Making Headlines: ‘The Brown and White”s Newsworthy COVID-19 Response

In March of 2020, Lehigh University announced that they would be going remote for the remainder of the semester in response to COVID-19. The student publication, which has reported since 1894 continued to publish remotely without missing a beat.

Jake Epstein felt the freshness and renewal of a ski day in The Rocky Mountains as he lifted his ski mask and felt the crisp air. He was enjoying the final days of a well-deserved spring break alongside friends after a hectic semester as editor-in-chief of the student newspaper. As he looked down at the photo he captured of the mountain view, the notification flashed across his iPhone’s screen.

“Lehigh University will be transitioning to remote learning for at least two weeks in response to COVID-19. Campus safety is and always will be a priority of our institution. Updates to come.”

“At that moment, I didn’t care about classes or jobs or anything else,” Epstein says. “I knew that I had to get right to work to make sure that the newspaper staff was ready to face this challenge. My reaction set the tone. I had to be the face of calmness and motivation.”

The Brown and White is Lehigh University’s student newspaper. They meet twice a week in Coppee Hall to produce an eight-page paper. The staff has not missed an edition since the first publication in 1894.

Jisu Choi sat in her living room in Long Island, New York City, binge watching a new show to pass the time. Her trip to visit her friend in Spain had been canceled by the virus. She was excited to get back to some sense of normalcy with her job as multimedia editor for The Brown and White when the notification also flashed across her screen.

“Hey guys, Jake here. Looks like Lehigh will likely be remote for the rest of the semester. This is something our paper has never faced in our 125-year history. We have an opportunity to be a valuable voice to readers across the country. Meeting tonight at 7 p.m. to discuss how our workflow will work from here on out. And remember: All the Lehigh News First.”

“At that moment, I had no idea how my position would work from my childhood bedroom in New York,” Choi says. “I knew that the work we would be producing would hold more value than ever. Our staff truly looked to Jake for guidance as we navigated our next steps.”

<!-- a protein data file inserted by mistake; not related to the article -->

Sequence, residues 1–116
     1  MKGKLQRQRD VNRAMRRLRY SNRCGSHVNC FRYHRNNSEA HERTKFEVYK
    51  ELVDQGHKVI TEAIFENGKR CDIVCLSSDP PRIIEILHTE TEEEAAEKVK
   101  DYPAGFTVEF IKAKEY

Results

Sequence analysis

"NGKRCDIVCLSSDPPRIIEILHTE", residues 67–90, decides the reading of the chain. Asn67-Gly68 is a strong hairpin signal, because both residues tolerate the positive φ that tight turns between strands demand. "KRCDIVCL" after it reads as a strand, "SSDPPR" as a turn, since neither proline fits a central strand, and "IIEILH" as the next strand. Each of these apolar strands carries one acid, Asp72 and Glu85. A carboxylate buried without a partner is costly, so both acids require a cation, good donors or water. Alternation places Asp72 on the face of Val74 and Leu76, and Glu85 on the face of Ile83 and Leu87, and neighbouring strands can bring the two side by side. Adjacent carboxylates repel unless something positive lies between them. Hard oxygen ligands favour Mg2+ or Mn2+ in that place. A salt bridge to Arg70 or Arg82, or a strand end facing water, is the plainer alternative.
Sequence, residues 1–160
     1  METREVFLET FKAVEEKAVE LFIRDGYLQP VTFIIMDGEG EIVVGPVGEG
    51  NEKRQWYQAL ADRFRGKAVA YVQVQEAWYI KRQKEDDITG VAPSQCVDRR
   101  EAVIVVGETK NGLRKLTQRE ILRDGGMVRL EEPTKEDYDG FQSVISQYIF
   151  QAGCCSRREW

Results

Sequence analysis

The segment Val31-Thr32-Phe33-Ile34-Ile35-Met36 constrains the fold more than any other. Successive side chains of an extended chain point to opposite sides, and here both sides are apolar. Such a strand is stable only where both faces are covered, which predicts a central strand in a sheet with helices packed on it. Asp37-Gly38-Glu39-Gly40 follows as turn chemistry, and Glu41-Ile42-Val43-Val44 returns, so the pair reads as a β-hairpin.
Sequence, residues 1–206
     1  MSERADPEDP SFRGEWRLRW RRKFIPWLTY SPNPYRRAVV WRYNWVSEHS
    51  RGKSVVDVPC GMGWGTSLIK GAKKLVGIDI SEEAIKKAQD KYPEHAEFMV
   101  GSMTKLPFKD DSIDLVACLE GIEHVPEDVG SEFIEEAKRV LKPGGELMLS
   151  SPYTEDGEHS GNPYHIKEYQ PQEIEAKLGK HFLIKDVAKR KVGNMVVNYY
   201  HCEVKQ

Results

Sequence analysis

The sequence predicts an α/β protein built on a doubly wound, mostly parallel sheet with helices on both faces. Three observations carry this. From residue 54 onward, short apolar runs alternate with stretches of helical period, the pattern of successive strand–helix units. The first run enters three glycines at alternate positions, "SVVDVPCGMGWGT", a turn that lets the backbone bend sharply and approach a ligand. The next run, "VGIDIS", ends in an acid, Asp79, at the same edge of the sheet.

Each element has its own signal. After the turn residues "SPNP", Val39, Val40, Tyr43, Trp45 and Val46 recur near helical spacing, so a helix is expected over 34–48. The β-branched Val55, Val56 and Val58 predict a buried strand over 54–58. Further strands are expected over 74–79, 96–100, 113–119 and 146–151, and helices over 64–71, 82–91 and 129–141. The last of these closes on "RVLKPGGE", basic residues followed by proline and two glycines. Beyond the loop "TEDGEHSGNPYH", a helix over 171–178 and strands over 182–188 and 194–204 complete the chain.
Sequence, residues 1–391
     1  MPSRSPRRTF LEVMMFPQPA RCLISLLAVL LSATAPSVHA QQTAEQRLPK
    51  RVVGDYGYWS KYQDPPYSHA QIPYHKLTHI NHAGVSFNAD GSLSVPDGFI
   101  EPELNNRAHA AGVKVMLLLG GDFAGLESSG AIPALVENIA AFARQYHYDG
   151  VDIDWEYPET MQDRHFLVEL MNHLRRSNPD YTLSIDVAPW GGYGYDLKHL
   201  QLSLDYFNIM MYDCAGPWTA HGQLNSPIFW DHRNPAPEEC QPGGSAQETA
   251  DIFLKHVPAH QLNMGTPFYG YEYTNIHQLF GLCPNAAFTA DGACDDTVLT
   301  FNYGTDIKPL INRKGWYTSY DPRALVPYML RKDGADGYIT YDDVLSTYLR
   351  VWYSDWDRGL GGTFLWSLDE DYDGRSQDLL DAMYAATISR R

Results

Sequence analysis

Just three months prior, Epstein was selected by the staff to be editor-in-chief: A leader defined by his relaxed, yet galvanizing nature, he was an obvious pick.

He sat by his computer in Boston, which he thankfully brought home for spring break. How would he gather a staff of over 150 students, some underclassmen who had just started their role on staff? He knew he had to mesh his strengths, sending out words of encouragement without alluding to any sense of emergency.

“In simple terms, each message I sent and each interaction I had, said ‘We’ve got this, guys,” Epstein says.

The Brown and White’s advisor, Matt Veto, has seen over 30 staffs in the newsroom. While scrambling to work with editors to create the best plan possible, Veto had no doubt that this was the staff that could do this.

They met to discuss potential reactions. Would they shorten their publication? Publish less? Online only?

“We definitely discussed potential responses that would have skimmed the work our publication has done in the past, but our editors did not entertain those ideas for long,” Veto says. “As I ran through the options, one of our editors looked up and said, ‘Guys, do we really want to be the first group of editors to stop our 126 years of publishing?”

And with that, it was back to business as usual. If anything, back to an amped up business as usual. This staff was determined to get it done.

Lehigh to go remote for the remainder of Spring semester.
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Lehigh to make decision on Fall 2020 on June 15.

The Brown and White’s headlines overflowed as readership and subscriptions rose. With so much uncertainty in the world, one thing was for sure: In times of crisis, journalism thrives.